Genealogy bloggers work together to document Connecticut monuments

By Lynandro Simmons, SCSU Journalism student

Lynandro Simmons, a journalism student at Southern Connecticut State University, reported this story as part of Journalism Capstone coursework on World War I. This article originally appeared in the New Haven Independent

When New Haven resident Jeanne Insalaco focused her Nikon 5200 camera on the Prospect Soldiers’ Monument recently, she drew from her experience shooting various monuments in New Haven.

She looked for a good scene setter shot of the Prospect statue, situated on the town green on 23 Center St., and then got close-up images of all the names listed on both sides of the monument’s base.

The plaque on Soldiers’ Monuments with the names of the World War I veterans. (Oct. 2017, Lynandro Simmons)

“A lot of times you can’t read them,” said Insalaco, who lives in Westville. “So you have to bring [the photos] home and really pull them up close to be able to.”

Insalaco has been photographing and transcribing monuments in New Haven and around Connecticut for the last three years. The work is part of the international Honor Roll Project, which digitizes historical markers to help researchers find names online.

“The main idea of the project is to get the names online so they’re accessible to search engines for friends and family,” said Heather Wilkinson Rojo, a New Hampshire genealogist and historian who started the project in 2009. “People sit down at the computer and say ‘Let’s Google an ancestor’s name.’ Sometimes it’s the first time they find out someone was in World War I, or the Civil War, or World War II.”

As the Honor Roll Project originated in New England, many of the monuments are from the region, with 25 posts from 14 Connecticut towns. It has grown to include 40 states and four outside countries.

Side view of Soldiers’ Monument in Prospect, Connecticut. (Oct. 2017, Lynandro Simmons)

Insalaco started contributing to the project in 2014, with the Soldiers’ and Sailors’ monument on East Rock.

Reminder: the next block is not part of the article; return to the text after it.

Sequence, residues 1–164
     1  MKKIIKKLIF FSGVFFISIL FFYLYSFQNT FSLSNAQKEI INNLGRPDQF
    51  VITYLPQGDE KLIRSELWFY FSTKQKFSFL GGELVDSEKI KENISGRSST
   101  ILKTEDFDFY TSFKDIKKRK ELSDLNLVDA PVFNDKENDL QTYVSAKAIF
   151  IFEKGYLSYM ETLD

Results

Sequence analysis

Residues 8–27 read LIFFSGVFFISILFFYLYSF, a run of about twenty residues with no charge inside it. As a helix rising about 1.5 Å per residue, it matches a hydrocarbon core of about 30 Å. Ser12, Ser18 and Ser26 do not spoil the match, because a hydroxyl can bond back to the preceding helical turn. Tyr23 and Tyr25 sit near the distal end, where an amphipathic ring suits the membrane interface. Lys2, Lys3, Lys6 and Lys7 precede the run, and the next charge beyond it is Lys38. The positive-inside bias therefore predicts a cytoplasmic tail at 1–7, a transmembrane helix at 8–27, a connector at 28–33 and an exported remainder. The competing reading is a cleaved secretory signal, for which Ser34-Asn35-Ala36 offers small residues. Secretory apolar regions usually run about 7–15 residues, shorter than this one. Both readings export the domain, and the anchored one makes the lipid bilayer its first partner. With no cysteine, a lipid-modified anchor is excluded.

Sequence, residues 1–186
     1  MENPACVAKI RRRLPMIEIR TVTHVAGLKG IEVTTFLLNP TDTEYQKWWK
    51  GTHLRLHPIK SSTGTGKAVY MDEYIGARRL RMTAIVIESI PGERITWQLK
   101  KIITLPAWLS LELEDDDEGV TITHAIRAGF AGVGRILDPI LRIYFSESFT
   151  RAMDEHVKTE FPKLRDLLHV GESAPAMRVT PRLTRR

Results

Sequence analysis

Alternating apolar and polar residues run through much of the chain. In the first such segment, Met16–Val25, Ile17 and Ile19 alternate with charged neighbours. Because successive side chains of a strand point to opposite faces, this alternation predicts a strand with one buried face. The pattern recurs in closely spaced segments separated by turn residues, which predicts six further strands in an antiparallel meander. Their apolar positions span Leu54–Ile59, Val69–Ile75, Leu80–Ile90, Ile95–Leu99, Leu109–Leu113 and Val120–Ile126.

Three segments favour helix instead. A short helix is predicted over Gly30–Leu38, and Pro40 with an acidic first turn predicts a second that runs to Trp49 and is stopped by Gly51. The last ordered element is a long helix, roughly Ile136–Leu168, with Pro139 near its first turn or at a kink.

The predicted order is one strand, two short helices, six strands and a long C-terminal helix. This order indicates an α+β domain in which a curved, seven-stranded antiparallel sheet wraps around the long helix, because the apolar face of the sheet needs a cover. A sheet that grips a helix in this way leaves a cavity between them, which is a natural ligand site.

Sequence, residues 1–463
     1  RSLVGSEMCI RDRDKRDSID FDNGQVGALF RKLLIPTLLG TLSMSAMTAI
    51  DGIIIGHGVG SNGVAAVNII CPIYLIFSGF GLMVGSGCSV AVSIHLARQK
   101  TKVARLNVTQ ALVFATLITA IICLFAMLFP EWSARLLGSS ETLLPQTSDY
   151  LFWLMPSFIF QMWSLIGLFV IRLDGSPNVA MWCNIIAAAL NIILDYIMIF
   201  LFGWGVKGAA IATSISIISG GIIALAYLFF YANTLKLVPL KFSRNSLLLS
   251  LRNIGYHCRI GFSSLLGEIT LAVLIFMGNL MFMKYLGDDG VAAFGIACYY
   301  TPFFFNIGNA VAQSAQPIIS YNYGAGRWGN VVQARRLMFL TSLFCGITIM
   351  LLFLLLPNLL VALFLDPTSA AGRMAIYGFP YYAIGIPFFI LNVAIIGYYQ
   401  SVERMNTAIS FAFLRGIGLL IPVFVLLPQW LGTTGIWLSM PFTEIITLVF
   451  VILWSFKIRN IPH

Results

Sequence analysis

“Since I live in New Haven when I started, I decided to first do all of the New Haven ones,” said Insalaco.

In addition to East Rock, Insalaco has also transcribed the Civil War monument dedicated to the 9th Regiment, which is located in New Haven, the Vietnam Memorial at Long Wharf, and the World War I memorial on the flagpole on the Green.

Her process of documenting monuments begins with taking as many photos as she can at the site. Then, she takes home the photos so she can zoom in and get names. Sometimes getting the names alone can provide a challenge.

Insalaco said to capture the names on the World War I memorial on the Green she walked up as close possible and made sure to take numerous photos.

“You take your shots, plus you take extra pictures of the plaque,” she said.

On a laptop, these photos can be more clear once zoomed in. Insalaco’s camera also helps because of the high-quality photos it can capture.

“I zoom in and go line by line,” said Insalaco. “I usually write [the names] on a piece of paper before I retype them.”

Another challenge can be the location of the monument. The Armistice Monument in West Haven was surrounded by bushes and a small fence which made it difficult to read, said Insalaco.

“So here you have this monument and if I had traveled 100 miles to take a photograph I wouldn’t have even been able to see my ancestor’s name,” she said.

Insalaco said that when she visits Georgia — where she is originally from — she also searches for monuments in counties her ancestors are from. She has added three Georgia monuments to the project, as well.

“I’ve done family research for over 25 years,” she said. “So I’ve always had the passion for going to my ancestors’ graves.”

Others have traveled to Connecticut with the same goal in mind.

For example, Schalene Dagutis, a Virginia resident, contributed five Connecticut entries.

“My husband works in Albany, New York and I go up with him a couple times a year,” she said. “So when he’s at work or on the weekends we drive around exploring.”

Dagutis said she was always a history buff and her father was interested in genealogy. She took over the family research in 2012 when her father’s health wouldn’t allow him to continue the work.

Insalaco said she has seen positive results doing this work.

“I’ve had a couple of people find their ancestors’ names,” she said. “It’s rewarding that you’re able to give something back to someone.”

To see the full list of names on the World War I plaque on Soldiers’ Monument, click here.

Jodie Mozdzer Gil, assistant professor of Journalism, contributed to reporting on this story.